Don Rogers: Our casual prejudices
Psssst: Barack Obama’s really a Muslim.
This whisper campaign somehow persists despite the fact otherwise. Obama’s faith is solidly Christian.
And so what? If he were Muslim, he’d be less of a candidate for the presidency? He’d be less of an American? That’s the implication, the reason for the dark whispers and the emphatic denials of the lie.
What interests me, and appalls me, about this is how America bears this casual prejudice against Muslims, particularly those with brown skin.
We’re mindful of the institutional racism against blacks that discriminated without conscience into the ’60s.
Nearly all of us get the evil of blanket racism against Hispanics and Jews, finally. Those who harbor prejudices of this sort at least understand that’s not something they want to declare publicly.
But our national consciousness treats Muslims as we thought of “Japs” in the World War II era. Blithely, blindly demonizing a whole population that included some very, very patriotic Americans whose bravery in combat was unparalleled.
We’re doing the same with another population, and it’s a bit scary. Well, if Islam is your faith, it’s really scary.
This crystallized for me while I had a long phone conversation with Ali Hasan’s parents a couple of weeks ago. Hasan is the exuberant Republican from Eagle County running for the state House seat held by his Democratic rival, Christine Scanlan.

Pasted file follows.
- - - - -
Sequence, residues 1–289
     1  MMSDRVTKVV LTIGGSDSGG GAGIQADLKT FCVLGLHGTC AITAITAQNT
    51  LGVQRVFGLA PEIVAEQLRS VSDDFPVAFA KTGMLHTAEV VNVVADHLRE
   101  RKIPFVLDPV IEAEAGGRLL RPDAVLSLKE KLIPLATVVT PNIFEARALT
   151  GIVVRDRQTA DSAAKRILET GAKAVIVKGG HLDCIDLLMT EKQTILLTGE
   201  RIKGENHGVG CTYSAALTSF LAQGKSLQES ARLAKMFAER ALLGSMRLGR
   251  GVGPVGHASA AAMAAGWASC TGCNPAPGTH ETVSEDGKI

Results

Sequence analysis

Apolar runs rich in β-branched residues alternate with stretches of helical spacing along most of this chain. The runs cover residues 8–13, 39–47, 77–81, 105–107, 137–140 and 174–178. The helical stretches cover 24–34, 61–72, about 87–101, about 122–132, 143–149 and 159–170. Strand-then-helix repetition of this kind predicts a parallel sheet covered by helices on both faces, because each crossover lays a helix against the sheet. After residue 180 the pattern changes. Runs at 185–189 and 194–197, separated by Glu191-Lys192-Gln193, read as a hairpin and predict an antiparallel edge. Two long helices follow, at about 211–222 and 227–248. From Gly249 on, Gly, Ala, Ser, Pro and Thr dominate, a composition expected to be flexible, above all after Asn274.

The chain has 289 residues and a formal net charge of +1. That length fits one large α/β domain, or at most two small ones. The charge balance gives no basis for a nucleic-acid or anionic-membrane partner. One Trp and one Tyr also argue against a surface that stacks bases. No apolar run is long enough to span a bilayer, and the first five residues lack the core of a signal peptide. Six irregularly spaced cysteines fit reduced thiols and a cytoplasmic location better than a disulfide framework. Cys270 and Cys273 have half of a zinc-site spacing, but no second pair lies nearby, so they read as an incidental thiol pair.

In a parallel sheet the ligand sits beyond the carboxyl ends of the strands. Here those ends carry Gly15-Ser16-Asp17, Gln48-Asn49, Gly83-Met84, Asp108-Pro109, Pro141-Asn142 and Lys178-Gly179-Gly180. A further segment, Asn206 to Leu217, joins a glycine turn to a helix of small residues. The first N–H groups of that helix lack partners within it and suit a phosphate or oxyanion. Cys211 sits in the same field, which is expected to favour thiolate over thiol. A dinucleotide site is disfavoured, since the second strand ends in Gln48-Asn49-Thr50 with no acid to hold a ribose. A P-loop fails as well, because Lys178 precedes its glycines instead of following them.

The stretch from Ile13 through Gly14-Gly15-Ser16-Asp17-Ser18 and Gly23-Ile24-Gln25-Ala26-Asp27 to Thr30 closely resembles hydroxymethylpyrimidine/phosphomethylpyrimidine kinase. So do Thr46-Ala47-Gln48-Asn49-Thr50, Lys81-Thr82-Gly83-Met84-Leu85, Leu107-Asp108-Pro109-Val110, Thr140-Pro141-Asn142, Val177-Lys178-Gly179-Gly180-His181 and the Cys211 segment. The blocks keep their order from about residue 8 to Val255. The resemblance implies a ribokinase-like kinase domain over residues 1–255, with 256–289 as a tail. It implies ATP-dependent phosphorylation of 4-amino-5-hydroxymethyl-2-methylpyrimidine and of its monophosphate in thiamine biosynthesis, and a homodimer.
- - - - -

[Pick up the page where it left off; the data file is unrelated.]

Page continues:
He has a bigger challenge with the still-acceptable class biases held by people bitter about wealth, which also has little place in discussions about fitness for public office. I just read an editorial whose point seemed primarily to be that we should vote for Scanlan because Hasan is wealthy and lives, gasp, in Beaver Creek. Oh and he spent his own money on campaigning, which alone should disqualify him. (Lots of dollars are going Scanlan’s way too, of course, just not from her personally.)
There may be plenty of reasons to go with the Democratic incumbent over the Republican upstart, but that crap isn’t among them.
Neither is the fact that Hasan’s faith is Islam, a sister religion to Christianity with roots in the same early scriptures.
There are over a billion Muslims in this world, a tiny, tiny fraction of whom even in the Middle East have taken to terrorism. There were more “terrorists” per capita in Belfast not so many years ago than in Pakistan today, where Hasan’s parents grew up.
I’m personally worried more about Christian nuts in this country than the Muslim ones. There are so many more here who grew up Christian, the dominant religion in America, after all.
Our own nearly unconscious prejudices are nearly as worrisome. We haven’t advanced that far from the all-too-recent era of “blacks in the back, drink from your own water fountain, thank you very much, and by the way lynching is OK. Love, the KKK.”
My conversation with Hasan’s parents came from a letter to the editor. We had let slip a sentence or two that we would have recognized quickly as unpublishable had the phrasing been in the parlance of screeds against Spanish-speakers that still regrettably turn up in this valley.
The author is not dangerous, and probably was trying to be clever. We overlooked it. The Hasans helped me understand why this is a problem.
We discuss Muslims too casually and frankly callously in our politics. We better understand Obama’s other problem with lingering American prejudices, the fact that he’s half black.
That’s where we need to be in regard to Islam. After all, we managed to drop “Japs” a long time ago. That any of us whisper “Muslim” about Obama, as if that were a bad thing, shows how far we still have to go.
Don Rogers is the editor and associate publisher of the Vail Daily, Vail Trail and Eagle Valley Enterprise. He can be reached at 748-2920 or firstname.lastname@example.org. He welcomes your comments.
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